In a decade of historically low population growth, Minnesota beat out New York to keep a congressional seat in the closest counting competition in modern times.
The squeaker of a result underscores the importance of state outreach programs that spent millions in some states to avoid an undercount. Texas and Florida were late to start such programs and saw disappointing results, while California’s $187 million effort failed to stop its first-ever loss of a seat.
Minnesota kept its eighth seat in the U.S. House of Representatives by tallying an additional 26 people. It beat out New York, which lost one of its 27 seats but could have kept it by counting another 89 people out of a total population of more than 20 million, according to numbers released Monday by the U.S. Census Bureau and an analysis by Election Data Services, a political consulting firm based in Manassas, Virginia.
Those margins were the closest in the history of the bureau’s apportionment system formula, said Todd Graham, a forecaster for the Minneapolis-based Metropolitan Council, a regional planning organization. The formula has been in use since 1940.
Previously, the closest losing margin was for Oregon in 1970, when the state came within 231 people of gaining a seat, according to the census figures.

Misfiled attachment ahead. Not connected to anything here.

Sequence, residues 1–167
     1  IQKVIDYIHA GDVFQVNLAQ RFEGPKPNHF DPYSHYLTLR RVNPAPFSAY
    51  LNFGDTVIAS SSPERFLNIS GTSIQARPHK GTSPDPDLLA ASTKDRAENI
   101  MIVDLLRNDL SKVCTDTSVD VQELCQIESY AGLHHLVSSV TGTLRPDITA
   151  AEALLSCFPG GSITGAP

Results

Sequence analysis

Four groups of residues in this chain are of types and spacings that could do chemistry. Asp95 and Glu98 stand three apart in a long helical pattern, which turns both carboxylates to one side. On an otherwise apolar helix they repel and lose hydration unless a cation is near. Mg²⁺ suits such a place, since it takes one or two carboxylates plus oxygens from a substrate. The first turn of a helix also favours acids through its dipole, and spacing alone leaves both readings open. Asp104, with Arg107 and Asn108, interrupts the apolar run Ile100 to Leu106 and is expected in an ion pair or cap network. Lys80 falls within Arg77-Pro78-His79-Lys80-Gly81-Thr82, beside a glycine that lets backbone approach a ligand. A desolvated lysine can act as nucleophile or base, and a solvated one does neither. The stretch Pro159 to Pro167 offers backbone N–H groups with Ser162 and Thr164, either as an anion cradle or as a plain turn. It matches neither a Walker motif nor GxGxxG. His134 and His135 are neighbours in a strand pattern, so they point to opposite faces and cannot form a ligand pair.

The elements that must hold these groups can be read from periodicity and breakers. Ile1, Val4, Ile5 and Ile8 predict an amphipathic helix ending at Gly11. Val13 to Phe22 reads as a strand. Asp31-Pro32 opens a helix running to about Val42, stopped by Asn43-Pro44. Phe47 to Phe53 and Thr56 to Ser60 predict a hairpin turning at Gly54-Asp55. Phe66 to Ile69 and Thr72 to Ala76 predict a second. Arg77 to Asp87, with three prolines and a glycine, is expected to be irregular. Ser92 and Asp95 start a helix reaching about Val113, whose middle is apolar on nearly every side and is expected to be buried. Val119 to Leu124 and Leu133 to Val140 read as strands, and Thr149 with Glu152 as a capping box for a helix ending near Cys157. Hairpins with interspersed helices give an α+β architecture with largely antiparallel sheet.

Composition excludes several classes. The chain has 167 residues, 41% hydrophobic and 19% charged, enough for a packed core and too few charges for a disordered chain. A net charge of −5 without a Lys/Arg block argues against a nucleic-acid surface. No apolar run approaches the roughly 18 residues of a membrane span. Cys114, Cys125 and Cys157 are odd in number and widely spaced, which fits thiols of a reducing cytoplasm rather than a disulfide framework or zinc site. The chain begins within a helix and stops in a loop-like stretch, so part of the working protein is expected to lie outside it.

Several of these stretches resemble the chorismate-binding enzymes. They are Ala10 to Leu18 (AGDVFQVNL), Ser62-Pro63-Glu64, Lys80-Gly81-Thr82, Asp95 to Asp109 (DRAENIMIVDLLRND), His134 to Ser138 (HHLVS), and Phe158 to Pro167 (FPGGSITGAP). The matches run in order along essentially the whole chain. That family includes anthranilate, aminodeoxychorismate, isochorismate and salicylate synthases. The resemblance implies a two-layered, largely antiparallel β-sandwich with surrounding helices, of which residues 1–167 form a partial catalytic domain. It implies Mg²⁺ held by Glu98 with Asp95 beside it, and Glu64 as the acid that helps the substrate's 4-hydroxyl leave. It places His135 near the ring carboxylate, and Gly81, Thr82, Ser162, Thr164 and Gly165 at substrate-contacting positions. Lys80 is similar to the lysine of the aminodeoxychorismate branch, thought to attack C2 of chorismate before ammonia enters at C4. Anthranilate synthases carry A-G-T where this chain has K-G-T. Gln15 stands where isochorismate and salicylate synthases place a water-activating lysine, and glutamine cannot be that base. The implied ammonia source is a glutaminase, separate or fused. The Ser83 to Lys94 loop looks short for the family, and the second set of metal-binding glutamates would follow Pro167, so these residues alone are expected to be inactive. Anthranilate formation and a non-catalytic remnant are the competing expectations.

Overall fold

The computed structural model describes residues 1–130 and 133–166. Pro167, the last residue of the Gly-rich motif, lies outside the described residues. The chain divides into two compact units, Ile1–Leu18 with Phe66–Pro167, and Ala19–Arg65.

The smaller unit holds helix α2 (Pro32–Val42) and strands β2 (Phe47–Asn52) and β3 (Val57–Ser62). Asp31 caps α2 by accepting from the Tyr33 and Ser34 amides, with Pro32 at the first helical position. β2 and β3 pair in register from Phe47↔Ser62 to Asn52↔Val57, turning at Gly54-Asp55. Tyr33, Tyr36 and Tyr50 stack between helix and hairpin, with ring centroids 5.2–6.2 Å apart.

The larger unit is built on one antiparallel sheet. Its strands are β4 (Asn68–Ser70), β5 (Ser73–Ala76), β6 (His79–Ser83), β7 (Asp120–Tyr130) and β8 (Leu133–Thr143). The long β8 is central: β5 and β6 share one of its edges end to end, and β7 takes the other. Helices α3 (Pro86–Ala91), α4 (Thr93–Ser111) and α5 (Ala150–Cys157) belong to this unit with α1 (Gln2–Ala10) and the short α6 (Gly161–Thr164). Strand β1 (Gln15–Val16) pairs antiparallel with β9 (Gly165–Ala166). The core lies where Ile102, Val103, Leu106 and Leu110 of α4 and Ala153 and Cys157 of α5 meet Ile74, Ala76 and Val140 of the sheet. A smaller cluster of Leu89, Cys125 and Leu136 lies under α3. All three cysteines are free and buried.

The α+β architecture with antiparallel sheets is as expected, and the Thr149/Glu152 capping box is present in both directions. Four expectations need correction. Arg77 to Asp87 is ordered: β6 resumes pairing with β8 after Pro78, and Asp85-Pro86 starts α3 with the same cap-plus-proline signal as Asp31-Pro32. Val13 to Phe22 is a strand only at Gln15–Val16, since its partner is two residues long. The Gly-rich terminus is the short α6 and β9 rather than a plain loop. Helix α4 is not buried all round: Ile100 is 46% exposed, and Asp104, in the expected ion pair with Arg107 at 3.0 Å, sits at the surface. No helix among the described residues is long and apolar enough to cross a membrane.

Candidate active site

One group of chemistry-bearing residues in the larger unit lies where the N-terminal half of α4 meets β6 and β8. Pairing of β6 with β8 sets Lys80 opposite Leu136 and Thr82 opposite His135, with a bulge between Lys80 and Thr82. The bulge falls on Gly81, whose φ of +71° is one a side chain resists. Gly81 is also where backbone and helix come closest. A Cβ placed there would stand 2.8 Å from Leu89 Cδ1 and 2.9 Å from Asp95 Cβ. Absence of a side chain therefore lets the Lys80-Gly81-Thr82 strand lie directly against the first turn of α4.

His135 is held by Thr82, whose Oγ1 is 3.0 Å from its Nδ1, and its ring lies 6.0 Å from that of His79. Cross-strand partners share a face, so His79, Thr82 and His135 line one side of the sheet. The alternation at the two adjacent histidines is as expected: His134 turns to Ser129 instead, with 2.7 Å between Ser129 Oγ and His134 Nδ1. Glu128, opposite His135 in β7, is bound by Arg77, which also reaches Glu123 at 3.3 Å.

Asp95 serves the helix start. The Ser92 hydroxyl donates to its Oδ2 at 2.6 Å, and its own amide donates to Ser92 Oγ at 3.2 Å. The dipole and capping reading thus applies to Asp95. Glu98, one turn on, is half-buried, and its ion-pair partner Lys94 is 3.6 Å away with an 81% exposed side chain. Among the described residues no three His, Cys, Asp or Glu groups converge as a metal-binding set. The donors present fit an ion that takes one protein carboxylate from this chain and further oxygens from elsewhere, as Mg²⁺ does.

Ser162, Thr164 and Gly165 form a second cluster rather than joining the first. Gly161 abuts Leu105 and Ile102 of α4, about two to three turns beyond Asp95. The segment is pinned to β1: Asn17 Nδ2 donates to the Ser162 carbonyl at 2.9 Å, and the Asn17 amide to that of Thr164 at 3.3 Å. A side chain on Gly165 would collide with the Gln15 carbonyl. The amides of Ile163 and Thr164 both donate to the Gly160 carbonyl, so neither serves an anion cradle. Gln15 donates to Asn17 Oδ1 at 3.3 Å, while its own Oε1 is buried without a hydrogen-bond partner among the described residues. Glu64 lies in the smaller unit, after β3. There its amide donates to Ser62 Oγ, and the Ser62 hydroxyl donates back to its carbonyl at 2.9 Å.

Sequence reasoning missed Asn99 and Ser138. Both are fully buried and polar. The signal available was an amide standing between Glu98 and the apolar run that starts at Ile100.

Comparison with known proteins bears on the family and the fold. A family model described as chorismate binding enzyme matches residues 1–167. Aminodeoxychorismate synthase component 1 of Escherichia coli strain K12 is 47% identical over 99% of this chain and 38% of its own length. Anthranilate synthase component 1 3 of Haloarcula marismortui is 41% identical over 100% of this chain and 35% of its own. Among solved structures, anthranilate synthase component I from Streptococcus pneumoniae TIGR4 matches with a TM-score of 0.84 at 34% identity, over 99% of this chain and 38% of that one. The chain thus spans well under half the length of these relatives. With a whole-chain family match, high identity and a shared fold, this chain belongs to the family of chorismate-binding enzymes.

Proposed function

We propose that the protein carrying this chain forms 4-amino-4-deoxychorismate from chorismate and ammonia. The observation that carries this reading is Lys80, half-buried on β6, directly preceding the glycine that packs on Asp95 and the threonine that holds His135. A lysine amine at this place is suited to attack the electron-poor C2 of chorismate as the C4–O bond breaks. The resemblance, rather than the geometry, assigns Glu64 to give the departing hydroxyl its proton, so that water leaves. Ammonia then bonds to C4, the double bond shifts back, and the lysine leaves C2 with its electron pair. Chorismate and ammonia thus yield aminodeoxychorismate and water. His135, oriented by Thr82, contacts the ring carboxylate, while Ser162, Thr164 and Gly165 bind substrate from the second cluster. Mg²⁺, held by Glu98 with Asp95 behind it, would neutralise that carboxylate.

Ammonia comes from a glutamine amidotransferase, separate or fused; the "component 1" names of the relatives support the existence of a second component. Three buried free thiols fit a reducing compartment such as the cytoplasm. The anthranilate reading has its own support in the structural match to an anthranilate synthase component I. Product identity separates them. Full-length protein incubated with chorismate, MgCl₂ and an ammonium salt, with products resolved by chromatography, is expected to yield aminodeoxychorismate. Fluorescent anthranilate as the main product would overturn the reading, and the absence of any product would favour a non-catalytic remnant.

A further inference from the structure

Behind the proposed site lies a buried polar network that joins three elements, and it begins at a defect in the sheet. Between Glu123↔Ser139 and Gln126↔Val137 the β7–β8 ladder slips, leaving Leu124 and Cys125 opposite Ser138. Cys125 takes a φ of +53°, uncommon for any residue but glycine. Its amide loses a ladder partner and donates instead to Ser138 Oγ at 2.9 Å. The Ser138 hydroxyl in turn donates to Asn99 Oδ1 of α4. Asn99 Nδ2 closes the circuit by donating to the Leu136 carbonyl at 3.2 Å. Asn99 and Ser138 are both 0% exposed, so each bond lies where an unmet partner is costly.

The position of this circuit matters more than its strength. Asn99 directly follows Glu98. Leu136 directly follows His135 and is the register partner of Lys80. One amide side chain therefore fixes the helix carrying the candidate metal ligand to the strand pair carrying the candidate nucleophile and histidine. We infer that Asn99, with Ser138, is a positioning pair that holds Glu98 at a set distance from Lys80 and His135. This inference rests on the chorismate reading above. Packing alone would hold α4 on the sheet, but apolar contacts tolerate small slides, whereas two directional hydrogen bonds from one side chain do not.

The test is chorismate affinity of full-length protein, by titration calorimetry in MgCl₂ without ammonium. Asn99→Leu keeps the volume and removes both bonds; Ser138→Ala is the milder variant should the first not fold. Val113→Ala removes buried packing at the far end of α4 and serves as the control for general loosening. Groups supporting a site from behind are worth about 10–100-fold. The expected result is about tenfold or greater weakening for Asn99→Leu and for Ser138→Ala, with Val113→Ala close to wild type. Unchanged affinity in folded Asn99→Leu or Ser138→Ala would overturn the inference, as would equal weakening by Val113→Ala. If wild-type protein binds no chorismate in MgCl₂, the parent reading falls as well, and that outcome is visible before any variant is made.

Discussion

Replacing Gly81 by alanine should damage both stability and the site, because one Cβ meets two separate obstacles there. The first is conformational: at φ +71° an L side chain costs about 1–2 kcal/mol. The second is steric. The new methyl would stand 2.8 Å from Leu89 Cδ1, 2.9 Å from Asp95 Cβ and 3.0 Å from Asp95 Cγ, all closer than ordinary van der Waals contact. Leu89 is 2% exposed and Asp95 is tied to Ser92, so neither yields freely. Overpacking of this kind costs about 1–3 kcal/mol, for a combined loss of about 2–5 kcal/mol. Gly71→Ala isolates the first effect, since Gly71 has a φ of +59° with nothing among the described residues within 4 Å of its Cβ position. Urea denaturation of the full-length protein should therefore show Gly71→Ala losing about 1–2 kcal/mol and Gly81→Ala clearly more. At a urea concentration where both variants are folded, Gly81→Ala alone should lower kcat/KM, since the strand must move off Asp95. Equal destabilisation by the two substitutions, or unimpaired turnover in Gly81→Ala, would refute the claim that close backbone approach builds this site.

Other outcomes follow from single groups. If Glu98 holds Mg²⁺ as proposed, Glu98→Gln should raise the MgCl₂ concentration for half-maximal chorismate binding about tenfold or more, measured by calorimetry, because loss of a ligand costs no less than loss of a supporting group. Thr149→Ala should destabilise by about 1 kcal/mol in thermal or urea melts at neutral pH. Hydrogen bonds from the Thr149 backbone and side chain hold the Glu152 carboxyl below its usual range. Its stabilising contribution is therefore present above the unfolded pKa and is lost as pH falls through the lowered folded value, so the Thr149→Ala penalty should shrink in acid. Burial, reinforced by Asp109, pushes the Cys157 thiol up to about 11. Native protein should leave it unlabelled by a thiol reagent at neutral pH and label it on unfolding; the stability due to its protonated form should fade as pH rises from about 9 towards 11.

The shift of seven seats among 13 states also was the lowest in modern history, reflecting the slowest decade of population growth since the Great Depression. Between 2010 and 2020, the country’s population grew by 7.4%, the lowest percentage since the decade between 1930 to 1940, when the growth rate was 7.3%.
Both Texas and Florida gained fewer seats than projected. Texas was expected to gain three seats but added only two, while Florida gained one instead of two. An expected new seat for Arizona also failed to materialize.
Colorado, Montana, North Carolina and Oregon also added one seat each. In addition to New York, six other states each lost a seat: California, Illinois, Michigan, Ohio, Pennsylvania and West Virginia.